Court allows higher ethanol blends

by Meat&Poultry Staff
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WASHINGTON — The US Appeals Court for the District of Columbia Circuit on Aug. 17 sided with the Environmental Protection Agency (EPA) and its partial waiver approval for E15 ethanol fuel for model year 2001 and newer light duty vehicles and all flex fuel vehicles. This represents nearly two-thirds of all vehicles on the road and almost 75 percent of vehicle miles driven.

Currently, the market for ethanol confined to E10 blends has been saturated. Allowing ethanol blends of up to E15 for 2001 and newer vehicles, as well as increasing the availability of higher level ethanol blends up to E85, is expected to provide much-needed market access to help ensure the growth and evolution of the domestic renewable fuels industry, according to ethanol industry advocates.

“Today’s decision is an important step forward in the nation’s quest to diversify our nation’s fuel supply,” said Bob Dinneen, Renewable Fuels Association president and chief executive officer. “Adding an E15 option alongside E10 and higher ethanol blends allows consumers to make the fuel decisions that work best for them and their vehicle.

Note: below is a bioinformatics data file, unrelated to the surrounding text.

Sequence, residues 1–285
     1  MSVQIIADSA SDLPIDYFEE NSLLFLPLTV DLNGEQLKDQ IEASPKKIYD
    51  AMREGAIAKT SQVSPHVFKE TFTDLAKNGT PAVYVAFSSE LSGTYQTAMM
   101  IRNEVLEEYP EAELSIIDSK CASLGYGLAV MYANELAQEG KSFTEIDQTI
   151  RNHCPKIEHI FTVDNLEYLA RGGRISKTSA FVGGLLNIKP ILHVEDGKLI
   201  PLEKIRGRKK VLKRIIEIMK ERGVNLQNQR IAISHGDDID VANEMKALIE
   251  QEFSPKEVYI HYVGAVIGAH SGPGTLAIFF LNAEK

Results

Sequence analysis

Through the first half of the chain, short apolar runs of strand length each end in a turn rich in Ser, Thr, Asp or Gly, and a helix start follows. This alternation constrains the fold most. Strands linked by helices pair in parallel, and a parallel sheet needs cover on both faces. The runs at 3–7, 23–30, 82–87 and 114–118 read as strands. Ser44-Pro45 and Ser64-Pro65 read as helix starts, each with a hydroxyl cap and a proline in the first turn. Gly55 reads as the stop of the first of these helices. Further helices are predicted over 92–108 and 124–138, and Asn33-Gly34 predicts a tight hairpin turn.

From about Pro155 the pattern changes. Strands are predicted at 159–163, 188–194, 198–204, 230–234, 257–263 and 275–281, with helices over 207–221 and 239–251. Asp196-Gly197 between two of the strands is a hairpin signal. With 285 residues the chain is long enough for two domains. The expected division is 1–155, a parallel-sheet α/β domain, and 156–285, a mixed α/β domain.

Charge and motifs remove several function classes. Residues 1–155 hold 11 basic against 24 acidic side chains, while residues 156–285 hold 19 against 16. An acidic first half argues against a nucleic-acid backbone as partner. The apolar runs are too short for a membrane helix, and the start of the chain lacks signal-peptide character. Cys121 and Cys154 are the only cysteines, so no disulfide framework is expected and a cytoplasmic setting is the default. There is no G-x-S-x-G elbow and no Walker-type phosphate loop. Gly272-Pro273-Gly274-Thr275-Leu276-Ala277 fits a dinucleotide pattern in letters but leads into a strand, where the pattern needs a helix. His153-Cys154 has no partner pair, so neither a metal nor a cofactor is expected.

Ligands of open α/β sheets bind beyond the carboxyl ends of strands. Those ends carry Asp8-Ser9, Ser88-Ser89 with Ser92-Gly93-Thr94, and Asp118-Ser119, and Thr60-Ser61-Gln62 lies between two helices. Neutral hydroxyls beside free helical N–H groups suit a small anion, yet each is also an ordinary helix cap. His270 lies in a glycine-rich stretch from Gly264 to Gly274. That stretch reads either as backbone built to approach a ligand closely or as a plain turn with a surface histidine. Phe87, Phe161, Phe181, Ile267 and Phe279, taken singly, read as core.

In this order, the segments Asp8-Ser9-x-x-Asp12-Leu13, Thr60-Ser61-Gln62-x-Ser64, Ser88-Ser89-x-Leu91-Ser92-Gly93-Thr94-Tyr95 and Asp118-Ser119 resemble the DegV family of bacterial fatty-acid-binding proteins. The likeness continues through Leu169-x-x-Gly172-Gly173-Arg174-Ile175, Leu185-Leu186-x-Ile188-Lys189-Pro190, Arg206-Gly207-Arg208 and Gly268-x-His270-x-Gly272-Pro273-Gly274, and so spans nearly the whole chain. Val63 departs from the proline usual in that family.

"Ethanol has a 30-year track record of safe and effective use in the market place and that record will continue," Dinneen added. "Allowing for additional ethanol use will help lower prices at the pump, create domestic jobs, and accelerate the commercialization of new biofuel technologies.”

Organizations representing the grocery, auto and petroleum industries filed suit against the EPA in November 2010, arguing that allowing higher blends would increase the use of corn-based ethanol which would drive up the cost of food and fuel and harm vehicle engines. However, the court ruled the groups failed to show they had suffered specific harm as a result of the EPA’s waiver.

Since the initial waiver filing in March 2009, vehicles were tested using E15 for a combined six million miles, health effects data on E15 was collected and approved and a first of its kind misfueling mitigation plan was required and approved in order for retailers to offer E15. Today, at least one station in Lawrence, Kan., is selling E15 under the conditions set by the partial waiver.

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